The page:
A boat owner recently asked me about a design she was working on for a raw-water manifold, one that was to be made from PVC pipe. My advice: “If you can’t stand on it, it’s probably not robust enough.” While that test method is less than quantifiable (for example, I weigh 145 pounds, so what works for me might fail for others), it generally addresses the issue of raw-water plumbing, which in far too many cases simply isn’t properly designed or installed, at least not in a manner that imparts the level of durability and reliability required for such components.
Apart from seacocks, which I’ve covered in previous columns, raw-water plumbing includes any means by which seawater is supplied to, or discharged from, a range of equipment, such as engines, generators, watermakers and air-conditioning systems; deck, sink and shower drains; and sanitation discharge systems. For the most part, if it will result in flooding if it fails, it falls into the category of “raw-water plumbing.”
Hoses used for this application must be specifically rated for raw water (for instance, “marine wet exhaust” or “SAE J2006R”). While those examples refer specifically to engine applications, in fact, they are far broader in their coverage. In other words, if the hose is good enough to carry exhaust discharge, and is rated and labeled for this use, it’s rugged enough for most other raw-water applications.
Typically, hose of this sort is either EPDM-based (this can be black or white rubberlike material) or silicone, which is usually blue or red. It’s critically important that the hose labeling include the words “wet exhaust SAE J2006R.” In the absence of this label, the hose’s suitability for this purpose is unknown. Clear PVC hose, sometimes called “red trace” because of the red fiber some versions contain, is not designed to be used for raw-water applications, and yet I encounter it on a near-daily basis in this role.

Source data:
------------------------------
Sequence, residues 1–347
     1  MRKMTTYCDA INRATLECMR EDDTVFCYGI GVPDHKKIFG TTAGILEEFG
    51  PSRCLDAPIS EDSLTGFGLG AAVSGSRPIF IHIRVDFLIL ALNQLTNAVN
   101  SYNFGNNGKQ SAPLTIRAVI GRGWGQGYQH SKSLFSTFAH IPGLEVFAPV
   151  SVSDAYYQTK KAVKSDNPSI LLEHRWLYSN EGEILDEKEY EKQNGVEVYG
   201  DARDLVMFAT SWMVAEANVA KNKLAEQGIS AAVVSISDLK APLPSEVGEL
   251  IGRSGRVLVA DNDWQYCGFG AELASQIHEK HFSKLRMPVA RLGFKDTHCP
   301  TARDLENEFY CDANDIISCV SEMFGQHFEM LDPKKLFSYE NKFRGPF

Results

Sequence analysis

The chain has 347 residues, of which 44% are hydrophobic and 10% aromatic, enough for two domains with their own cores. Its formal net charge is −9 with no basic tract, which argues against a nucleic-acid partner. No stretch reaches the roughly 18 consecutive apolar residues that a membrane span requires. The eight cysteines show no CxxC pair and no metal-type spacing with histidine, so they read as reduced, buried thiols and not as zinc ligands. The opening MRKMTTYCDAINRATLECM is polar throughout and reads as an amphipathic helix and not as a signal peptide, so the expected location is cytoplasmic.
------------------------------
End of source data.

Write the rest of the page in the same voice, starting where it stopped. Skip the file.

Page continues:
While silicone offers certain attributes, it’s not always more desirable than EPDM hose. Silicone is extremely flexible, and thus well suited for absorbing movement and vibration; for that reason, it’s often used in exhaust systems. However, it’s also more expensive and less resistant to chafe, kink and crush damage. For the majority of raw-water applications, where extreme flexibility is not necessary, a high-quality EPDM hose makes the most sense.
Metallic plumbing used in raw-water applications must be both rigid and corrosion resistant. Bronze is the most popular material; however, it’s available in a dizzying range of alloys, some of which are not suitable for exposure to seawater. Generally speaking, copper alloys must contain less than 15 percent zinc (the less the better) in order to be safely used with seawater. Under no circumstances should brass be used. Its high zinc content, typically 45 percent or more, makes it susceptible to “dezincification” and structural failure. While there’s no definitive means of determining zinc content outside of lab testing, the more yellow a copper alloy, the more zinc it contains.
Because of its lack of tensile strength and modulus of elasticity, the use of PVC is frowned upon where raw water is concerned, with very few exceptions. It is occasionally and successfully used in air-conditioning systems, for distribution and return manifolds. When used in this raw-water role, it must be schedule 80, and fully supported and protected from loose gear and misplaced feet. Hoses must not impart excessive strain on PVC plumbing components, and PVC plumbing must never be directly attached to seacocks, strainers or other below-the-waterline gear.
Finally, remember that step-on-it test. If you have doubts as to whether it will stand up to this measure, it’s probably not robust enough.
Steve D’Antonio offers services for boat owners and buyers through Steve D’Antonio Marine Consulting.